Tomcat context.xml can expose environment variables accessible by Spring bean configuration xml files.
Sometimes you want to externalize some application properties, such as password or QA/Production specific settings, used by Spring beans. There are a few options for doing so and this post focuses mainly on Tomcat based web application by putting the properties in its context.xml file.
Step#1: Put the properties into context.xml as environment entities
<Context> <Environment name="myPassword" value="xxx" type="java.lang.String" override="false"/> </Context>
This essentially exposes the properties to JNDI java.comp/env context.
Step#2: Access them from Spring bean config file
<beans xmlns="http://www.springframework.org/schema/beans" xmlns:xsi="http://www.w3.org/2001/XMLSchema-instance" xmlns:lang="http://www.springframework.org/schema/lang" xsi:schemaLocation=" http://www.springframework.org/schema/beans http://www.springframework.org/schema/beans/spring-beans-3.0.xsd http://www.springframework.org/schema/lang http://www.springframework.org/schema/lang/spring-lang-3.0.xsd"> <bean id="myPasswordBean" class="org.springframework.jndi.JndiObjectFactoryBean"> <property name="jndiName" value="java:comp/env/myPassword"/> </bean> </beans>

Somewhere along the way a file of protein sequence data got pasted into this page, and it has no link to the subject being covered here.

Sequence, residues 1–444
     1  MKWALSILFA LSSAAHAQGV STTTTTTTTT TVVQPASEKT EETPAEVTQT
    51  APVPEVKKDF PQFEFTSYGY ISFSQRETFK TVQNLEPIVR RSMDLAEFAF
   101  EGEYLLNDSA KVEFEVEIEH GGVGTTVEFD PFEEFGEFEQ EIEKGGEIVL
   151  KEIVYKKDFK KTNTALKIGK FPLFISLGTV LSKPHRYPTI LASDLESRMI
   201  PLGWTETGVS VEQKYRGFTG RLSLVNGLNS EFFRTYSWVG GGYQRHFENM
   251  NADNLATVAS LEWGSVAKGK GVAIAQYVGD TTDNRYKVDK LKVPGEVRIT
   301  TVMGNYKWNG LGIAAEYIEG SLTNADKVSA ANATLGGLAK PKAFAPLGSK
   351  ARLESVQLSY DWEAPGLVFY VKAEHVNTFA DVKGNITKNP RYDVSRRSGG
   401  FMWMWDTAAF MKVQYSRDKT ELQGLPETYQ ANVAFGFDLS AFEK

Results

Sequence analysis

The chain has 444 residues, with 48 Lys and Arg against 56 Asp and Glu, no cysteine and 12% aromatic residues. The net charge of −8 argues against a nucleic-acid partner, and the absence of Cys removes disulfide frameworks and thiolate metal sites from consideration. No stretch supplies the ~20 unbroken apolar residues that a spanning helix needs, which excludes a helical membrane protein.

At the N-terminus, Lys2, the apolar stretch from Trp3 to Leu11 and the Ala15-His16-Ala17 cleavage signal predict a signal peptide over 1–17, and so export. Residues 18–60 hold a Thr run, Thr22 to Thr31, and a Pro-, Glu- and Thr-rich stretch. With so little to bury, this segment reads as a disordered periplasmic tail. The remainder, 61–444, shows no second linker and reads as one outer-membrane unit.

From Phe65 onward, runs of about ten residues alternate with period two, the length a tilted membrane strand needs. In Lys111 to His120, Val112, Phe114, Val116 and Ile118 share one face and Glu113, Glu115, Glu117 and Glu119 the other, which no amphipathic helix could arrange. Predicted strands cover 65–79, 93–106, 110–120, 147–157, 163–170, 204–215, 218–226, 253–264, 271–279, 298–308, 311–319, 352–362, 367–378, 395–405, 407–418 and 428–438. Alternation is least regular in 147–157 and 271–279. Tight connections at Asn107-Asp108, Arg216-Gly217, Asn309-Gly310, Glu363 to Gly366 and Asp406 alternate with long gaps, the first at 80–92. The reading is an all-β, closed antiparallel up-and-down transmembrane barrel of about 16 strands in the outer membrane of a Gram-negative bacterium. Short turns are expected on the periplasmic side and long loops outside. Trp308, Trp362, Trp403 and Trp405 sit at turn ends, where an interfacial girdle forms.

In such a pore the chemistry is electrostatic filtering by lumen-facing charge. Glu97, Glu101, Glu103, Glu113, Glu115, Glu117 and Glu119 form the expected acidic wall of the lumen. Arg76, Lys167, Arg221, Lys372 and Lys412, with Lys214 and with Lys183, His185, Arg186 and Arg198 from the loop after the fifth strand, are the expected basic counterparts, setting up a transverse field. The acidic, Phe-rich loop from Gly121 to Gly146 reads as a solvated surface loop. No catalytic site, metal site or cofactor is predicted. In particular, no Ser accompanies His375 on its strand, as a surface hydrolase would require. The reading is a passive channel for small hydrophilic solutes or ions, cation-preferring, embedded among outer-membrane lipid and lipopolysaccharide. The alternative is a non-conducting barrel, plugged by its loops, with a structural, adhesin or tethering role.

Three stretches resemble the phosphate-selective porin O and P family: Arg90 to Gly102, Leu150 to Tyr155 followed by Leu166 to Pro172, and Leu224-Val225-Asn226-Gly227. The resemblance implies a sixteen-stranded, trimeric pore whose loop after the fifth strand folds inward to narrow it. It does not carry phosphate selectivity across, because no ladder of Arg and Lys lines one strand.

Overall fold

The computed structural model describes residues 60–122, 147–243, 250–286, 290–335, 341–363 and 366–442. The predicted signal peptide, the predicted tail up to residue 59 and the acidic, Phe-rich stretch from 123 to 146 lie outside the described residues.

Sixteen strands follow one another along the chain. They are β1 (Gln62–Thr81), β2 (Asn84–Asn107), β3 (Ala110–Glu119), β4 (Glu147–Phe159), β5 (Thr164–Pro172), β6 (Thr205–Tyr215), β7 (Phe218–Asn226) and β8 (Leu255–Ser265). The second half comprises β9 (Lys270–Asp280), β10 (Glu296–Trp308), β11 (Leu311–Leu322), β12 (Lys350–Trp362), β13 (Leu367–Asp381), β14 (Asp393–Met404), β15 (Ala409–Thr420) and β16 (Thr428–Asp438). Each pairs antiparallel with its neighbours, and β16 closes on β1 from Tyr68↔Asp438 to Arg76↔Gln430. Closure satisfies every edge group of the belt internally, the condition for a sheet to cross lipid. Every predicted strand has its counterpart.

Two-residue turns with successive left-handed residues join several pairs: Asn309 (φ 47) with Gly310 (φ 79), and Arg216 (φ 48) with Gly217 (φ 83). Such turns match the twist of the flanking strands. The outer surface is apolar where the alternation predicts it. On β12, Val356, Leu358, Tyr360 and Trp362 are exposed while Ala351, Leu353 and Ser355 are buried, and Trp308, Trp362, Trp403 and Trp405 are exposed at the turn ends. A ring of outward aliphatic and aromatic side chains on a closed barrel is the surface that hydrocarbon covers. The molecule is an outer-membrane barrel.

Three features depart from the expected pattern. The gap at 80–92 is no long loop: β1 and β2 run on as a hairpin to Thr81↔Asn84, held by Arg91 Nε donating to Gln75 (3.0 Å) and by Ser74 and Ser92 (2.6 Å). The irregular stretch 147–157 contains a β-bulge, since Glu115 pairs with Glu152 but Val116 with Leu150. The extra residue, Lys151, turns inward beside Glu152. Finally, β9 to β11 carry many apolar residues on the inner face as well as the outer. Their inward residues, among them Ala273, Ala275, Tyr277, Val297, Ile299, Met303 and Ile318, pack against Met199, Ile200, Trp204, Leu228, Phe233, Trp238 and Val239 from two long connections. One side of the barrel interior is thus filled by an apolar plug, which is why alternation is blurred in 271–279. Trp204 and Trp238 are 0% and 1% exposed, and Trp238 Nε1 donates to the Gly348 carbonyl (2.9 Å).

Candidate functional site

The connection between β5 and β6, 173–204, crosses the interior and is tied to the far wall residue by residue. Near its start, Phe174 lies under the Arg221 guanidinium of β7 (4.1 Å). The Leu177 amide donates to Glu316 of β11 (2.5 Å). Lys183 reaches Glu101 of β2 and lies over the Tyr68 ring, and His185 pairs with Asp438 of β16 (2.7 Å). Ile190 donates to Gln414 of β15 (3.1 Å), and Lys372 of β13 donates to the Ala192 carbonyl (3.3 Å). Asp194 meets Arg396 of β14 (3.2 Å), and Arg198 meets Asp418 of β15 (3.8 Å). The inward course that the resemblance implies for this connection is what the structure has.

Now you get a reference of myPassword defined in the context.xml.
There are a few other ways to externalize the bean properties without Tomcat, such as passing them in from JVM arguments or in a separated properties files using PropertyPlaceholderConfigurer. They are not covered by this post.